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Tuesday, November 5, 2013

Avoiding Generalizations About People

I have only included the photo below as context for what I'm talking about. In no way do I agree with what it says. On one level it's a flippant statement, probably not designed to be taken too seriously. However, for me, it is sarcastic and rude. It is an unfortunate generalization, a strawman set up to be attacked. However, if we actually take the time to get to know immigrants and refugees on a personal level rather than attacking a broad and undefined group, we will hopefully form a more positive attitude.
During the first part of my mission, I had the privilege to serve among a group of refugees from Burma who had been exiled from their own country because their culture wasn't in favor with those in power. To this day, I have not met a kinder or more generous group of people. They accepted us into their homes, shared what they had with us and did more for us than we could offer them. They shared their traditions with us and allowed us to discuss the gospel with them. Many of these good people had already been baptized into other Christian denominations, but they opened their hearts and their homes to us. I love them and I could feel their love for me. Never did they try to push their traditions onto others or ask us to change what we taught them; rather, they shared what they had and listened with love when we shared with them. I learned a great deal from my time with them. I admit that seeing a post like this photo is disturbing to me, because I can imagine that someone might apply such a statement to these people I care about. It is much better to think about people as individuals, because when we do, it is easier to see them as our brothers and sisters rather than as members of a generalized, faceless group.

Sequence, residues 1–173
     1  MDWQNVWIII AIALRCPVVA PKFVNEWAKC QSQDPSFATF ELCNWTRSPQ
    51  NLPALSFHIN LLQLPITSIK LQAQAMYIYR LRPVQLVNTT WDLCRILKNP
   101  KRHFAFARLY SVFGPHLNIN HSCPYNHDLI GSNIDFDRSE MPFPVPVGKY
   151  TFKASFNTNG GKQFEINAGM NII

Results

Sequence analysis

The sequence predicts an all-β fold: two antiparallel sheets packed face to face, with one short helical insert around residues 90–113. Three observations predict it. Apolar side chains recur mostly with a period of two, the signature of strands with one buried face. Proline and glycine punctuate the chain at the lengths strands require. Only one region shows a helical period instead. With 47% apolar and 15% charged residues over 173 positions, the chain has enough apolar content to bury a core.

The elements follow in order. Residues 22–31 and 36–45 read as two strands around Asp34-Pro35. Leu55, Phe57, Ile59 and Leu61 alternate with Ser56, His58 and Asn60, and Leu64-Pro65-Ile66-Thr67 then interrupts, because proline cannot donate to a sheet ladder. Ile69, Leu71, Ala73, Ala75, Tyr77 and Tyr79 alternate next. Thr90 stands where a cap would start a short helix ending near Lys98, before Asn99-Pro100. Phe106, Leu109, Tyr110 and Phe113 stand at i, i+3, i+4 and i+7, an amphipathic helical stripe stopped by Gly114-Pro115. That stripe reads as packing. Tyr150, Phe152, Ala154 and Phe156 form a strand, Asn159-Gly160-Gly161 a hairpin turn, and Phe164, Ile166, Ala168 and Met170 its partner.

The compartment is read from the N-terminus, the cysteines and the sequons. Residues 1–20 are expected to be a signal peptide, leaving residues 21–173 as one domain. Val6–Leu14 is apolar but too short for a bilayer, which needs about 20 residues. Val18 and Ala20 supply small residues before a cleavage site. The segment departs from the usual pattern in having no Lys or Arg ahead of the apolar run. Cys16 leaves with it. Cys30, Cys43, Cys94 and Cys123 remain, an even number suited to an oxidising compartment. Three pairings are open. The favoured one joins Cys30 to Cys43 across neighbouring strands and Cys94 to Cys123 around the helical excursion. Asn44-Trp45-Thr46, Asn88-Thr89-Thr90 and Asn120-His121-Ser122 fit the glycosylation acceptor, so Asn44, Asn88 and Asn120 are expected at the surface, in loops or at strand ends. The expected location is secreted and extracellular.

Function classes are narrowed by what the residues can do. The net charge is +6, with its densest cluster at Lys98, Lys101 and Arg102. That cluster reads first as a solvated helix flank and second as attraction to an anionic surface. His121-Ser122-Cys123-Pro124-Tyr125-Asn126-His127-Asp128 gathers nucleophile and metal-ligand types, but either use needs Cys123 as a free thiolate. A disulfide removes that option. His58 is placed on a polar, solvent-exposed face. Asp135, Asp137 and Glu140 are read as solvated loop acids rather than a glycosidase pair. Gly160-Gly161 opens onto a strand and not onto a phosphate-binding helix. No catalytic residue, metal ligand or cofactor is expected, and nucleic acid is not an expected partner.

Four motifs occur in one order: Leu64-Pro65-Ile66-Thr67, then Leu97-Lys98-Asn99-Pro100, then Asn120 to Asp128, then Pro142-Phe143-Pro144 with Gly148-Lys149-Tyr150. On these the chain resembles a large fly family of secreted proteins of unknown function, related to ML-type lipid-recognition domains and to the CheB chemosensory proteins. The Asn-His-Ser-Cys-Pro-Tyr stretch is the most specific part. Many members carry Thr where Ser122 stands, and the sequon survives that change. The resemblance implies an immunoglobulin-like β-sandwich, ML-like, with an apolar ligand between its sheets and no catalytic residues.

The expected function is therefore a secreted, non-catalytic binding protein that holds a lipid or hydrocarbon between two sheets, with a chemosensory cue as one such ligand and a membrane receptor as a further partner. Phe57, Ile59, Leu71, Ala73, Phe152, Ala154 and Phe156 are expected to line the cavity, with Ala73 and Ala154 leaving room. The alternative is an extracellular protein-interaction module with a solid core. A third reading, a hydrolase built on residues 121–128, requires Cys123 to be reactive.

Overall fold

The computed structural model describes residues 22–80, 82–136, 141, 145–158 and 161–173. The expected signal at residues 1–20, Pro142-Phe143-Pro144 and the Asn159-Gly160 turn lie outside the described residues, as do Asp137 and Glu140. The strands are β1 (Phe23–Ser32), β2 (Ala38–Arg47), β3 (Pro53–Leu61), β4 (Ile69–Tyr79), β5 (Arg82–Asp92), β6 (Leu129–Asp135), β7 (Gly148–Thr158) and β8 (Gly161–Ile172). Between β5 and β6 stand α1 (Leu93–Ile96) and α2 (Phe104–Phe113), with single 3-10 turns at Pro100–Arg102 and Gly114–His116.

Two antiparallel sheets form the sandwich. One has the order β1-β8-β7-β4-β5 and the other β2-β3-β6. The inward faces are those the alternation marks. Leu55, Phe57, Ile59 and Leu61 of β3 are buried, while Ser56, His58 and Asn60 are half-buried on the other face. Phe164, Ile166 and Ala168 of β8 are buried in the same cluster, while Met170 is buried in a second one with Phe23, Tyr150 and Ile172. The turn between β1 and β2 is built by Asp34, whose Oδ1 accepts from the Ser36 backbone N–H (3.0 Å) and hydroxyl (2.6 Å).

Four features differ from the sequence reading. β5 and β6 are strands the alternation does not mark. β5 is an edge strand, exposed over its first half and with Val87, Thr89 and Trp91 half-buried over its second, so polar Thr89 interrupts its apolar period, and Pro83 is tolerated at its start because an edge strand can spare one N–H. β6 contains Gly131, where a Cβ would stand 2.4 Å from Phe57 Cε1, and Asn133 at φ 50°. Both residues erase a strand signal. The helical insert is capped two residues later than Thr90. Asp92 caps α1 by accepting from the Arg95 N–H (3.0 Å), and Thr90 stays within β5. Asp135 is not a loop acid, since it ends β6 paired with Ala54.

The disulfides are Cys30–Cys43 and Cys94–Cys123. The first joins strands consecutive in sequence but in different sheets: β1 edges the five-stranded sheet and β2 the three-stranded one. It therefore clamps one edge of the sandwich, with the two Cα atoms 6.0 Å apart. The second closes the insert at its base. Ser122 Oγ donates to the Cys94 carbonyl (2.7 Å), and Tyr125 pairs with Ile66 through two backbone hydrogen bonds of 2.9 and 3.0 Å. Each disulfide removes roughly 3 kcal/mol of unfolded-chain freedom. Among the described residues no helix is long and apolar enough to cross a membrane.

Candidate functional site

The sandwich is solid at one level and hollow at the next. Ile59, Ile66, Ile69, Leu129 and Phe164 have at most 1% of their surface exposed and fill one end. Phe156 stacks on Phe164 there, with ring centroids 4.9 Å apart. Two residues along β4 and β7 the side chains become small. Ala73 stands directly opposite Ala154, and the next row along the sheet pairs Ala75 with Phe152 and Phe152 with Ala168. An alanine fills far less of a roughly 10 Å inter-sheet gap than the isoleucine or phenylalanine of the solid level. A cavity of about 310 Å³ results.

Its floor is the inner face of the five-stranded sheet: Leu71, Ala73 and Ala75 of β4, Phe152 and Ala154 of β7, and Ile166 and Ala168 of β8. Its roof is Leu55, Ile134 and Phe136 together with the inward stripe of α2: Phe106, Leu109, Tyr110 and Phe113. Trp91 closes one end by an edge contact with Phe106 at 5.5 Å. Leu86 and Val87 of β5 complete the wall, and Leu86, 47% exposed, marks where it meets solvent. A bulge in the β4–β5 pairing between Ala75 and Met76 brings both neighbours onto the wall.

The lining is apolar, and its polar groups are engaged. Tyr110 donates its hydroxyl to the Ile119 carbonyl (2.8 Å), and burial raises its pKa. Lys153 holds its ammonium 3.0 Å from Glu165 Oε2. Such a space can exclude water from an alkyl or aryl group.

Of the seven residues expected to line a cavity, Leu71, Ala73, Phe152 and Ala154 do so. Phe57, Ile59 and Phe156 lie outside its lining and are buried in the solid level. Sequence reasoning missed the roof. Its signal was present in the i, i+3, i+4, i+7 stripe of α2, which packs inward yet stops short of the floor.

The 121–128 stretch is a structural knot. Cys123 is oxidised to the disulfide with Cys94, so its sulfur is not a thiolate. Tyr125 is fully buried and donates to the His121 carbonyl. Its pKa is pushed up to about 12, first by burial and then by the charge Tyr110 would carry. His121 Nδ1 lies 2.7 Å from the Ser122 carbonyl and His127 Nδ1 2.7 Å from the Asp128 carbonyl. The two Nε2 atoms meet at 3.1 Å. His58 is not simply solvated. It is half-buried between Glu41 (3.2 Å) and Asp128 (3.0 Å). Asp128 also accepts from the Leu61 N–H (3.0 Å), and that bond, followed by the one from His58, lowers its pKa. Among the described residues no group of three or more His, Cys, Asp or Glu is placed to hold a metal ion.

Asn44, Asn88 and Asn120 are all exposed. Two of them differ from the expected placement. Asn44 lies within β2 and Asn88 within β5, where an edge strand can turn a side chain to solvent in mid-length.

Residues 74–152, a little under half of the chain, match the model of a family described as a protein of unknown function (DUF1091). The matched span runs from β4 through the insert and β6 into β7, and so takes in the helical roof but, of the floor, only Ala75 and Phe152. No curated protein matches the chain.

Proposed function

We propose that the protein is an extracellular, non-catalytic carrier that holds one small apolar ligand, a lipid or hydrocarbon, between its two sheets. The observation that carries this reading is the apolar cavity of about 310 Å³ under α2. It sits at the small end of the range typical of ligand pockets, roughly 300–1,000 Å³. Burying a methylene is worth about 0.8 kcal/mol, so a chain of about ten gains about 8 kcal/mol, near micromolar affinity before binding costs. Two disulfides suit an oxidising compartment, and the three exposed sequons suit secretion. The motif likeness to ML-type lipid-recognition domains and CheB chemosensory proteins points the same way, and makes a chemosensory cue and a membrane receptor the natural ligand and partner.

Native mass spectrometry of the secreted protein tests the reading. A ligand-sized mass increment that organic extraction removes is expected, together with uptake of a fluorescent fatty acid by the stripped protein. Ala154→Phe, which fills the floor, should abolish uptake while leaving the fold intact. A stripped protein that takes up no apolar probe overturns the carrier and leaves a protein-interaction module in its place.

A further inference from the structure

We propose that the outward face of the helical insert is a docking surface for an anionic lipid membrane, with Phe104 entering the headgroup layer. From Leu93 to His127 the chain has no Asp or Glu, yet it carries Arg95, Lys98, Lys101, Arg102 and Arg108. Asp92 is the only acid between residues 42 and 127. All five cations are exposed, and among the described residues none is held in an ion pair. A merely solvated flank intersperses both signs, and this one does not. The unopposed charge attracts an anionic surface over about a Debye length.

Photo: So these people who have fled to America now want to change us?  #tcot #kjrs #teaparty #LNYHBT